Ten days later, her weight had dropped to 4.3 kg, down 2.5 kg from twelve weeks earlier. The decision was made to perform an abdominal exploratory; however, she was found dead in her kennel on the morning of the scheduled surgery. At necropsy, an approximately 3-cm area of slightly pale signet ring-shaped, thickening was found constricting the intestinal lumen to less than half the diameter of adjacent intestine. Several other areas of thickening in the intestine and possible enlargement of mesenteric lymph nodes were also noted.

A round cell tumor was suspected from examination of impression smears of thickened intestinal wall tissue. On histopathology of the affected intestinal tissue, hypercellular neoplastic round cell infiltrates were found to expand and disrupt all layers of the bowel wall. Individual cells had moderately sized nuclei with 1-3 nucleoli and a small amount of cytoplasm with distinct cytoplasmic borders. The histopathology of the mesenteric lymph node revealed hypercellularity with possible neoplastic infiltrates and minimal organized lymphoid elements. Diffuse, moderate, lymphoid depletion was found in the spleen. Histopathology results confirmed the clinical diagnosis of round cell sarcoma (presumptive lymphoma) of the small intestine. Immunohistochemistry testing indicated the tumor was lymphoma, likely of T-cell origin.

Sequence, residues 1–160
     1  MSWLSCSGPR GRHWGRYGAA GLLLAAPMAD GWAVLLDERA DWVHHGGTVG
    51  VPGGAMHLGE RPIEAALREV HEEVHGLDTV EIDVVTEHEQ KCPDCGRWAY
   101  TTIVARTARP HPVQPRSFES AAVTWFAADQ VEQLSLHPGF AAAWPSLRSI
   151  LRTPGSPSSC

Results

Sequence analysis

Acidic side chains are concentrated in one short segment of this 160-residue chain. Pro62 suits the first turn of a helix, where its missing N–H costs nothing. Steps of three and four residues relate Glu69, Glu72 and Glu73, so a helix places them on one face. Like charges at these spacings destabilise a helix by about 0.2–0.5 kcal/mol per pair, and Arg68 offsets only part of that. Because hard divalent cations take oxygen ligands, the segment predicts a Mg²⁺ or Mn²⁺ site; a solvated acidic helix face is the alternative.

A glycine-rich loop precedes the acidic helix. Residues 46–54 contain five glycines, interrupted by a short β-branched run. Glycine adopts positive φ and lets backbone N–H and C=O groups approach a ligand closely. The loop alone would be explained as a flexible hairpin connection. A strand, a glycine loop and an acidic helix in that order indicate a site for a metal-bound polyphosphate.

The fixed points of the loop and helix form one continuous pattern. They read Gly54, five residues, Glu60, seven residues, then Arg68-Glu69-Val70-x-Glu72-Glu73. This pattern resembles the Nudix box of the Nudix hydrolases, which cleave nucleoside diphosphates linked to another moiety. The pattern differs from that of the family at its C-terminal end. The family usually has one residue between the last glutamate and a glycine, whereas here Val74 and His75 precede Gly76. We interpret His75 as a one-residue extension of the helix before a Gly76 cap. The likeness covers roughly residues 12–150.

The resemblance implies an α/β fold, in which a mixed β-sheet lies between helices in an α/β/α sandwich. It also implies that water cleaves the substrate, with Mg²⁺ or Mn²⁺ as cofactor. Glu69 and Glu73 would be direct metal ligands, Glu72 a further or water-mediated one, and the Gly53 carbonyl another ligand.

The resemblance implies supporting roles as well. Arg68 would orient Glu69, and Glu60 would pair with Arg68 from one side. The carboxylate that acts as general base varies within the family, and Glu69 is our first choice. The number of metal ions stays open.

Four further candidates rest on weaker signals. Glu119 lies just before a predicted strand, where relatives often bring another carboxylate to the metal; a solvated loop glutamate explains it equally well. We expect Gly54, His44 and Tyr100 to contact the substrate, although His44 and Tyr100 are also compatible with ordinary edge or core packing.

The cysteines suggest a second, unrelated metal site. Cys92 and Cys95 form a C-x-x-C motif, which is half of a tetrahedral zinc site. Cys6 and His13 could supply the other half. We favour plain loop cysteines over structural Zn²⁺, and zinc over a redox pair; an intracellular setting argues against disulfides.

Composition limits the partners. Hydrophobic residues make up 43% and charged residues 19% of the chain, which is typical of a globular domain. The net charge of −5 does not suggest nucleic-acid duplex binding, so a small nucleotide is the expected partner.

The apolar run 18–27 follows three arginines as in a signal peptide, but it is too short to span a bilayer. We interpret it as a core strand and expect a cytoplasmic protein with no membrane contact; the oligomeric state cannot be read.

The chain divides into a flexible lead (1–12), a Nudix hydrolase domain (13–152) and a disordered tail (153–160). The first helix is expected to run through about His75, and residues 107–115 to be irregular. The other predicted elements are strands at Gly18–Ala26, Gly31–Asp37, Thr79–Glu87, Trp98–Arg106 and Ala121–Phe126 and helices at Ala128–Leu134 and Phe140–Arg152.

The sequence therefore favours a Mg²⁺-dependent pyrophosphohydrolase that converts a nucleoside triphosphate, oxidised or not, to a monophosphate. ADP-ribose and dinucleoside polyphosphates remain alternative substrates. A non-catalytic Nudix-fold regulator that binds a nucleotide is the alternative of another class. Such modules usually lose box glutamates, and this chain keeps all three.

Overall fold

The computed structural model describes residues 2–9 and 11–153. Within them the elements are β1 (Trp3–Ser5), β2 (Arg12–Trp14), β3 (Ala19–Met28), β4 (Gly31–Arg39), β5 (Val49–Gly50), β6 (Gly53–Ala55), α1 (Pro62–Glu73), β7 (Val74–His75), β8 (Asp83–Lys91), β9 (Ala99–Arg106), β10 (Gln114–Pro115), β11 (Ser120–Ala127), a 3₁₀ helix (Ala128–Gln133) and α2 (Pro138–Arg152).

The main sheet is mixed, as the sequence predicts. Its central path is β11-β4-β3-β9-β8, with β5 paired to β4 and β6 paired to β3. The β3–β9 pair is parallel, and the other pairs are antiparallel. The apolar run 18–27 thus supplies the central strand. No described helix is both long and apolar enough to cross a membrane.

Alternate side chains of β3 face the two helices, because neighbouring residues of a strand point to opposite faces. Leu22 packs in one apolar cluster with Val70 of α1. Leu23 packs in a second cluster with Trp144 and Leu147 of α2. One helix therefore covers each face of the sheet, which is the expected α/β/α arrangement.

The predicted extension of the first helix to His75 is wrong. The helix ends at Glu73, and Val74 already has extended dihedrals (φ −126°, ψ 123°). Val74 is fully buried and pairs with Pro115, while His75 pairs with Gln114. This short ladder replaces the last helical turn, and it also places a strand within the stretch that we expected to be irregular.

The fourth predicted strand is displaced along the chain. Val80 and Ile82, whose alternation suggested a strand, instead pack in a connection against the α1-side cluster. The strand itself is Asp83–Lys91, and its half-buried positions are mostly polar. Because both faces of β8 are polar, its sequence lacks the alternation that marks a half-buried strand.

Neoplasia has not been previously reported in North American river otters (Lontra canadensis). In general, the occurrence of lymphoma has not been well documented in the family Mustelidae. One exception is the domestic ferret (Mustela putorius furo) where lymphoma is relatively common1,2 may be linked to a retrovirus.3,4 Isolated cases have been reported in a sea otter (Enhydra lutris),5 European badger (Meles meles)6 and striped skunk (Mephitis mephitis).7


1.  Erdman SE, FM Moore, R Rose, JG Fox. 1992. Malignant lymphoma in ferrets: Clinical and pathological findings in 19 cases. Journal of Comparative Pathology 106: 37-47.

2.  Coleman LA, SE Erdman, MC Schrenzel, JG Fox. 1998. Immunophenotypic characterization of lymphomas from the mediastinum of young ferrets. American Journal of Veterinary Research 59: 1281-1286.

3.  Erdman SE, SA Brown, TA Kawasaki, FM Moore, X Li, JG Fox. 1996a. Clinical and pathological findings in lymphoma in ferrets: 60 cases (1982-1994). Journal of the American Veterinary Medical Association 208: 1285-1289.

4.  Erdman SE, PJ Kanki, FM Moore, SA Brown, TA Kawasaki, KW Mikule, KU Travers, SF Badylak, J G Fox. 1996b. Clusters of malignant lymphoma in ferrets. Cancer Investigation14: 225-230.

5.  Kim JH, BH Kim, JH Kim, MJ Yoo, DY Kim. 2002. Lymphoma in a sea otter (Enhydra lutris). Journal of Wildlife Diseases 38: 616-617.

6.  Mutinelli F, M Vascellari, E Melchiotti. 2004. Mediastinal lymphoma in a Badger (Meles meles). Journal of Wildlife Diseases 20: 129-132.

7.  Smith DA, IK Barker. 1983. Four cases of Hodgkin's disease in striped skunks (Mephitis mephitis). Veterinary Pathology 20: 223-229.

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Shari Hanson